Using the QPDF Library

Using QPDF from C++

The source tree for the qpdf package has an examples directory that contains a few example programs. The libqpdf/ source file also serves as a useful example since it exercises almost all of the qpdf library’s public interface. The best source of documentation on the library itself is reading comments in include/qpdf/QPDF.hh, include/qpdf/QPDFWriter.hh, and include/qpdf/QPDFObjectHandle.hh.

All header files are installed in the include/qpdf directory. It is recommend that you use #include <qpdf/QPDF.hh> rather than adding include/qpdf to your include path.

qpdf installs a pkg-config configuration with package name libqpdf and a cmake configuration with package name qpdf. The libqpdf target is exported in the qpdf:: namespace. The following is an example of a CMakeLists.txt file for a single-file executable that links with qpdf:

cmake_minimum_required(VERSION 3.16)
project(some-application LANGUAGES CXX)
target_link_libraries(some-application qpdf::libqpdf)

The qpdf library is safe to use in a multithreaded program, but no individual QPDF object instance (including QPDF, QPDFObjectHandle, or QPDFWriter) can be used in more than one thread at a time. Multiple threads may simultaneously work with different instances of these and all other QPDF objects.

Using QPDF from other languages

The qpdf library is implemented in C++, which makes it hard to use directly in other languages. There are a few things that can help.


The qpdf library includes a “C” language interface that provides a subset of the overall capabilities. The header file qpdf/qpdf-c.h includes information about its use. As long as you use a C++ linker, you can link C programs with qpdf and use the C API. For languages that can directly load methods from a shared library, the C API can also be useful. People have reported success using the C API from other languages on Windows by directly calling functions in the DLL.


A Python module called pikepdf provides a clean and highly functional set of Python bindings to the qpdf library. Using pikepdf, you can work with PDF files in a natural way and combine qpdf’s capabilities with other functionality provided by Python’s rich standard library and available modules.

Other Languages Starting with version 11.0.0, the qpdf

command-line tool can produce an unambiguous JSON representation of a PDF file and can also create or update PDF files using this JSON representation. qpdf versions from 8.3.0 through 10.6.3 had a more limited JSON output format. The qpdf JSON format makes it possible to inspect and modify the structure of a PDF file down to the object level from the command-line or from any language that can handle JSON data. Please see qpdf JSON for details.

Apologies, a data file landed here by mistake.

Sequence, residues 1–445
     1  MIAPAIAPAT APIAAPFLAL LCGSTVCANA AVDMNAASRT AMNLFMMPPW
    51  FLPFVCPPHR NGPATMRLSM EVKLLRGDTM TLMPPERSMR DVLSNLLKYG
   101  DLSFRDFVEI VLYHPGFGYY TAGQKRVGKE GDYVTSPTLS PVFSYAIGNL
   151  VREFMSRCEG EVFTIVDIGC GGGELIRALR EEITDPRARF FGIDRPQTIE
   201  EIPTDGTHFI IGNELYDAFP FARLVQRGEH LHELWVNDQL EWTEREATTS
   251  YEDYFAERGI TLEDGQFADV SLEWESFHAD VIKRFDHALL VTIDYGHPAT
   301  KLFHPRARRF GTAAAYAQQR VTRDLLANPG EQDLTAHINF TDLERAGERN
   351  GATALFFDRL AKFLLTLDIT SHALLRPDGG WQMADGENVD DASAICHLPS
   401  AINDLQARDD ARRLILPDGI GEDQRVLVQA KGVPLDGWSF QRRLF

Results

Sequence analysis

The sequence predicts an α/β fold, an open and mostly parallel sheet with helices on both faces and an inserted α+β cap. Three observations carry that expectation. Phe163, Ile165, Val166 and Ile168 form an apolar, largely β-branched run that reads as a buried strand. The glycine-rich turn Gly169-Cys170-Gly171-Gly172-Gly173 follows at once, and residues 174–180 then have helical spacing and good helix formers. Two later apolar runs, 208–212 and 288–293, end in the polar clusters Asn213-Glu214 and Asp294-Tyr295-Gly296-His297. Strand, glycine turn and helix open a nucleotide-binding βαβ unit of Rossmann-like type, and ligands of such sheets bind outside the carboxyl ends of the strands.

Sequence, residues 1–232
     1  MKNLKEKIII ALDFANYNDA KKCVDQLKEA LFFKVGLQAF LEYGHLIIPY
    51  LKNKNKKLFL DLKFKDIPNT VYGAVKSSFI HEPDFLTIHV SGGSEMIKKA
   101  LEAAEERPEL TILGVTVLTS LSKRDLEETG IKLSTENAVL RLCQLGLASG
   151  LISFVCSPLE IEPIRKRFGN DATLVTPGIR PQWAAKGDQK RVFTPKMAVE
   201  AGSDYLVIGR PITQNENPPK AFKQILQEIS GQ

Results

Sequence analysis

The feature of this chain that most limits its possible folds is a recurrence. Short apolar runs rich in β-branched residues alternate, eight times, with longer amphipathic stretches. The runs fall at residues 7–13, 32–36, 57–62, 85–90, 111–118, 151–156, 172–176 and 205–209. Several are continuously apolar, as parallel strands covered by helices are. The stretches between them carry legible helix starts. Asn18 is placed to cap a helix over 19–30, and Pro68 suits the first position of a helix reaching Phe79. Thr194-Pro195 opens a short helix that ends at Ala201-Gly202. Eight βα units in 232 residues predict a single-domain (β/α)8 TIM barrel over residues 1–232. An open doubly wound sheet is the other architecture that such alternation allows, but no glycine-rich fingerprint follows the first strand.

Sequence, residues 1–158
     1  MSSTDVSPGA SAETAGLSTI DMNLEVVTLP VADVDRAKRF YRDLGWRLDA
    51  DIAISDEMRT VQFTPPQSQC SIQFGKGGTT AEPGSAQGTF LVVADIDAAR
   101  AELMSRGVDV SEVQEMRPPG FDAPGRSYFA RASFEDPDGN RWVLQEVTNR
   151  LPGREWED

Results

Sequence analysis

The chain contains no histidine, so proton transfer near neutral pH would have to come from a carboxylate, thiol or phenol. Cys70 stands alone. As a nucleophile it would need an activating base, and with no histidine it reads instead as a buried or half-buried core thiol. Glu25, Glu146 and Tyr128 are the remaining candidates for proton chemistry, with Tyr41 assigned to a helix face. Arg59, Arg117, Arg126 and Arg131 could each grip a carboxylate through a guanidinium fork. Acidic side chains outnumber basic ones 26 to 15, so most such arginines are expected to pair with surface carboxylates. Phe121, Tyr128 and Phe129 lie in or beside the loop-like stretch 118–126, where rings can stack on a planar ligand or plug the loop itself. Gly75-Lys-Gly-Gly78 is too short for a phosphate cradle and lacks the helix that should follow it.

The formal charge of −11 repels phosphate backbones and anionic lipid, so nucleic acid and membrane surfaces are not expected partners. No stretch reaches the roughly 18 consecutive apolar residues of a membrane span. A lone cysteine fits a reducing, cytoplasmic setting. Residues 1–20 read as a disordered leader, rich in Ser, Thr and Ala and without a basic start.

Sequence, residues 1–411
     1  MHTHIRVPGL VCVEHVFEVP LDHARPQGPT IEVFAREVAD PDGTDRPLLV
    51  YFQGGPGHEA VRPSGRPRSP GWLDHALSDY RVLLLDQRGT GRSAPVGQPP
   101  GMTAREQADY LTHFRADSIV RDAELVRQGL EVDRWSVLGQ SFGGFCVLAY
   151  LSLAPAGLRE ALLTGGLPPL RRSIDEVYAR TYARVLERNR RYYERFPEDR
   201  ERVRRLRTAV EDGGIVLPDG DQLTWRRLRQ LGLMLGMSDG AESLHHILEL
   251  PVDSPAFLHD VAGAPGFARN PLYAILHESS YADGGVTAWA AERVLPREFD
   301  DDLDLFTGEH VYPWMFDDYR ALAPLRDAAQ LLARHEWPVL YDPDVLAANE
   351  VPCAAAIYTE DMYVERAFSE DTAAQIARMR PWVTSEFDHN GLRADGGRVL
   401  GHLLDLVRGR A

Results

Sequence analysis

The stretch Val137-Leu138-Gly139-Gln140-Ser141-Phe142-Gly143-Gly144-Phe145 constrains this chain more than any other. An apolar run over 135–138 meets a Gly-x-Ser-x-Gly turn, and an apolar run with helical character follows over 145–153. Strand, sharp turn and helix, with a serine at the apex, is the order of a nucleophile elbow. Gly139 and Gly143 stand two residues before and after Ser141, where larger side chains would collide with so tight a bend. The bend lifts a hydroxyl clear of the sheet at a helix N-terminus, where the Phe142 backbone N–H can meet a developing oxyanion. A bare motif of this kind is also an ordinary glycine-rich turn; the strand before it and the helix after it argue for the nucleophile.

The qpdf Wiki contains a list of Wrappers around qpdf. These may have varying degrees of functionality or completeness. If you know of (or have written) a wrapper that you’d like include, open an issue at and ask for it to be added to the list.

A Note About Unicode File Names

When strings are passed to qpdf library routines either as char* or as std::string, they are treated as byte arrays except where otherwise noted. When Unicode is desired, qpdf wants UTF-8 unless otherwise noted in comments in header files. In modern UNIX/Linux environments, this generally does the right thing. In Windows, it’s a bit more complicated. Starting in qpdf 8.4.0, passwords that contain Unicode characters are handled much better, and starting in qpdf 8.4.1, the library attempts to properly handle Unicode characters in filenames. In particular, in Windows, if a UTF-8 encoded string is used as a filename in either QPDF or QPDFWriter, it is internally converted to wchar_t*, and Unicode-aware Windows APIs are used. As such, qpdf will generally operate properly on files with non-ASCII characters in their names as long as the filenames are UTF-8 encoded for passing into the qpdf library API, but there are still some rough edges, such as the encoding of the filenames in error messages or CLI output messages. Patches or bug reports are welcome for any continuing issues with Unicode file names in Windows.